Stop making stuff up. Blow the laws, use the regs and your society's procedures. It really cannot be that difficult.

didds

Na Madrai
24-03-15, 02:03
No red card was waved about in this instance!

We had a child, probably playing in the most imposing surroundings of his life, probably in front of the largest crowd of his life and probably taking the most important kick of his life and his concentration is deliberately destroyed by an adult official from the opposition camp - an adult who had been expressely warned against entering the playing enclosure. Of course, the kicker could have been an international schoolboy having a bad day and thus used to such pressure but from what I saw in general play, I doubt it.

My preceived vision of the game is based on the fact that the laws states something along the lines of rugby football should be played both to the letter and the spirit of the Laws and that coaches should respect the decisions of the referee.* This adult took a deliberate decision to try to assist his side against the spirit of rugby football and against the express instructions of the referee. You believe that it is up to the tournament's organisers to decide whether there should be a punishment but this will be long after the event and I doubt if any of the crowd would ever hear of the organiser's decision. They would go away and no doubt some of them would think this behaviour acceptable because 'we saw it at that match'.

By making my decision, wrongly or rightly, I have emphasised to all - especially the important people, the kids playing in the match - that such behaviour will not be tolerated in rugby football. It is not much, but it is an attempt to keep the mutual respect between all participants in rugby which is the guiding principle behind the Laws.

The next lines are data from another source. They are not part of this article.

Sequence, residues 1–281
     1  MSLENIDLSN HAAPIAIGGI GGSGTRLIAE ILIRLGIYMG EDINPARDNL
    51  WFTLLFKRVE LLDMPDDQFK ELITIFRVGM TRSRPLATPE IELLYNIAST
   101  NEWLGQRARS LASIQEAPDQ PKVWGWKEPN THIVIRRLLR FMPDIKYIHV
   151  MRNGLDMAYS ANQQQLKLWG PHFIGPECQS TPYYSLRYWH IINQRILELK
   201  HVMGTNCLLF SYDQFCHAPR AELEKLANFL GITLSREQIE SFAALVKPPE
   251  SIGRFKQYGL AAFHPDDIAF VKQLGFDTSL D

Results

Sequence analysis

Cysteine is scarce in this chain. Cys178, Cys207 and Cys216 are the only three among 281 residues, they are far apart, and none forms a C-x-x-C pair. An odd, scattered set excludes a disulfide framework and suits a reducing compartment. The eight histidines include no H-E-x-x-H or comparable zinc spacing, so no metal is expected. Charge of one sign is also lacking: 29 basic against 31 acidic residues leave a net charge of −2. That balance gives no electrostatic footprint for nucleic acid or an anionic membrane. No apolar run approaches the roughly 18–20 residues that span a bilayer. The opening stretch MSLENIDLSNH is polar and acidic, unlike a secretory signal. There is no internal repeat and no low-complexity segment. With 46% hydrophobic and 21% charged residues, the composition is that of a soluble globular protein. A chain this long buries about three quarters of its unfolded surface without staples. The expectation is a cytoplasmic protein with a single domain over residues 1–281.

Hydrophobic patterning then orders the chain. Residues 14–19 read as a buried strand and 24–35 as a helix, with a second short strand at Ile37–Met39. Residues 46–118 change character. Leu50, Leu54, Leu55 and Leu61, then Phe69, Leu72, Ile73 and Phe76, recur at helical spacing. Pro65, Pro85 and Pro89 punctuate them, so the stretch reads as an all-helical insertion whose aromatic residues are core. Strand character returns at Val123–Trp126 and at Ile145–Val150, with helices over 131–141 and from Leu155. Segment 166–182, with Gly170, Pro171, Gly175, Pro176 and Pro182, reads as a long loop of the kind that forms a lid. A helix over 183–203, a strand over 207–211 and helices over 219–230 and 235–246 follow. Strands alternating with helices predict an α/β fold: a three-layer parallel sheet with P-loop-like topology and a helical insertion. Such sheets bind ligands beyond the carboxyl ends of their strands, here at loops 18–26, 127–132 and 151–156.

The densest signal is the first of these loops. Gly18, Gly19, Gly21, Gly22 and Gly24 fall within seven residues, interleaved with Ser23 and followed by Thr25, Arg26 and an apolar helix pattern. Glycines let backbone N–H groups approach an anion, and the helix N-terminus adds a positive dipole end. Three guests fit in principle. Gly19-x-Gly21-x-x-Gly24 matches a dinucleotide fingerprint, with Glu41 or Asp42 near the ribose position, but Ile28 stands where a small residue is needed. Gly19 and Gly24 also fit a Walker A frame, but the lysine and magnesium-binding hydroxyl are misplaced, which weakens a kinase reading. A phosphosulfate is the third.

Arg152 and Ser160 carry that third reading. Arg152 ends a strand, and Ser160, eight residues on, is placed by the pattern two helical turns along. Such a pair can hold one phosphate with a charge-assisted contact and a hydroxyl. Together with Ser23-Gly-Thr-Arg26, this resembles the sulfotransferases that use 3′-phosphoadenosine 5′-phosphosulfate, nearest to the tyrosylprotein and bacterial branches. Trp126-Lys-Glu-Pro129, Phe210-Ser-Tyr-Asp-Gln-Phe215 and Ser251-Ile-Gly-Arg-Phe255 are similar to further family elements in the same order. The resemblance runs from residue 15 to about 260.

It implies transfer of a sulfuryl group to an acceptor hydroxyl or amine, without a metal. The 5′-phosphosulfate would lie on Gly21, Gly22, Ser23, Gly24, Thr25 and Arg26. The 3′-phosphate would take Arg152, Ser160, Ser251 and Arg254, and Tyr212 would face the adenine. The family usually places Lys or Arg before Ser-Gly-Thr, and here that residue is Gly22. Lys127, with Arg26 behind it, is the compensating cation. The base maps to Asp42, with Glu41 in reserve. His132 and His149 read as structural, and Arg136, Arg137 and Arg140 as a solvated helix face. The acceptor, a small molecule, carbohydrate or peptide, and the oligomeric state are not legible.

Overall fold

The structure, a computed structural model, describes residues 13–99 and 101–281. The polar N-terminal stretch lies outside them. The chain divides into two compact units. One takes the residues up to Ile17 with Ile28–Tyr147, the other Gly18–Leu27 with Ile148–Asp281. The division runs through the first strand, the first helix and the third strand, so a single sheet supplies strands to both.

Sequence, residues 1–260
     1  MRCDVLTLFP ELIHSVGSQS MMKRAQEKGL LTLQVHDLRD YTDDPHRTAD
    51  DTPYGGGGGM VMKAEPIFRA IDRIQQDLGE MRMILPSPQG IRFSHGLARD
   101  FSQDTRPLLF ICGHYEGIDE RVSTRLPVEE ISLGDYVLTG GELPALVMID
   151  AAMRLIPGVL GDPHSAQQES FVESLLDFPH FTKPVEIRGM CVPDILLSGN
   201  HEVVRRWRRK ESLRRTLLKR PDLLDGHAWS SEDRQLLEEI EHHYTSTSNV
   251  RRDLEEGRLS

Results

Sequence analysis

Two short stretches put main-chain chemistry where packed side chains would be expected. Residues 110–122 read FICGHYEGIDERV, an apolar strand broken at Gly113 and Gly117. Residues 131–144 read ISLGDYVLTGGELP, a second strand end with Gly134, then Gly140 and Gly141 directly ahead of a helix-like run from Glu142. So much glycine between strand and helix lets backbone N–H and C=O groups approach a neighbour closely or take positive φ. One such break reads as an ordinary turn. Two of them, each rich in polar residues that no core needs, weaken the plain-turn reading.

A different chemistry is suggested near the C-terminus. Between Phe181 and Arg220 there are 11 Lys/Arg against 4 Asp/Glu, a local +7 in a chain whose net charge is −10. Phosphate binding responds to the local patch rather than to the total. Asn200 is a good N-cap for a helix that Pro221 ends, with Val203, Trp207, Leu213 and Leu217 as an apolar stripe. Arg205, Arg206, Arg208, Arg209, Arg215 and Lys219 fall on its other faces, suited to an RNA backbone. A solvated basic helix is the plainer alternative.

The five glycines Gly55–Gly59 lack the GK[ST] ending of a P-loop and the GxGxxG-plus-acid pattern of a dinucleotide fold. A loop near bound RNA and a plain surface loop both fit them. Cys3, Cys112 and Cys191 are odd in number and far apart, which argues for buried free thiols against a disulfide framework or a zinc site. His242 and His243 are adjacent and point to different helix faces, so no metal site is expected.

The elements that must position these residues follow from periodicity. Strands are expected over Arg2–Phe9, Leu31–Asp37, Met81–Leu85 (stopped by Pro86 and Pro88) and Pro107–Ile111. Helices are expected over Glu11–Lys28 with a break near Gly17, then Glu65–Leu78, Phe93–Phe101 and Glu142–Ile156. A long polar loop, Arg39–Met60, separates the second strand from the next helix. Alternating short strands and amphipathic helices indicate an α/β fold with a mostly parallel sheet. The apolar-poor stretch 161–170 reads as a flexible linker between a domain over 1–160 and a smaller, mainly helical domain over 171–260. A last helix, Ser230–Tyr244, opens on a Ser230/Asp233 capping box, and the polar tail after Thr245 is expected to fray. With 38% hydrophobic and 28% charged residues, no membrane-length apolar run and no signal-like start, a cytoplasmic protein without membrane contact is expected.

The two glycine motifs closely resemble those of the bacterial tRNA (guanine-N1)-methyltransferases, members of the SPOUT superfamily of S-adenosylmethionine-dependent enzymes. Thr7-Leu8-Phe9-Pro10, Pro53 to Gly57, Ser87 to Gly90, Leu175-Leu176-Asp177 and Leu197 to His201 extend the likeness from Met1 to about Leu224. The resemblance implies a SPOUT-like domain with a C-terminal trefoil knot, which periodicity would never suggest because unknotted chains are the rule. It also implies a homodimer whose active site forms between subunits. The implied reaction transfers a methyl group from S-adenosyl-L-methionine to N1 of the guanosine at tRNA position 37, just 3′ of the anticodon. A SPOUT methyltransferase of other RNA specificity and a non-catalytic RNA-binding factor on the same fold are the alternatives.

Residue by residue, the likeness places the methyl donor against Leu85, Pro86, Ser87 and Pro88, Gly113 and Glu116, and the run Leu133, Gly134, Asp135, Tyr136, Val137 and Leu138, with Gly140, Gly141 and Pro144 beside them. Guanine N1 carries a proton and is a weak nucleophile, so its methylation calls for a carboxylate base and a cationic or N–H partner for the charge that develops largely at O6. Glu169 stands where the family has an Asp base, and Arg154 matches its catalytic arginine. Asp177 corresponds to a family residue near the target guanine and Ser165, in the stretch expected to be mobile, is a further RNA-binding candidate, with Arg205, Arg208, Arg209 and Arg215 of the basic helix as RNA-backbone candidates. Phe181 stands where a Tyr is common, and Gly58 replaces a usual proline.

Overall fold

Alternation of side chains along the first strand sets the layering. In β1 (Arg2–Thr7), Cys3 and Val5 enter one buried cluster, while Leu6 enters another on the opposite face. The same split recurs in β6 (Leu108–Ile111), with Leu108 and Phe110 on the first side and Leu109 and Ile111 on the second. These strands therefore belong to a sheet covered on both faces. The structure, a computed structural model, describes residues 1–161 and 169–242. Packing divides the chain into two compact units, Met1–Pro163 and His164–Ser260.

Thinking about it now, as I said, the probable correct response should have been to abandon the match and let the organisers sort it out but at the time I did what I thought best for the game of rugby football.

As to pulling legs, Crossref, all my stories are actually true - I sometimes think that I should get a tee shirt like that soccer player a couple of years back asking why does it always happen to me?



NM

*Sorry, I am not computer literate enough to sort out the exact wording; I am always amazed at how easily most contributors to this site are able to post direct quotations from the Laws.

crossref
24-03-15, 11:03
As to pulling legs, Crossref, all my stories are actually true - I sometimes think that I should get a tee shirt like that soccer player a couple of years back asking why does it always happen to me?
.

Oh well, at least no one called the police this time !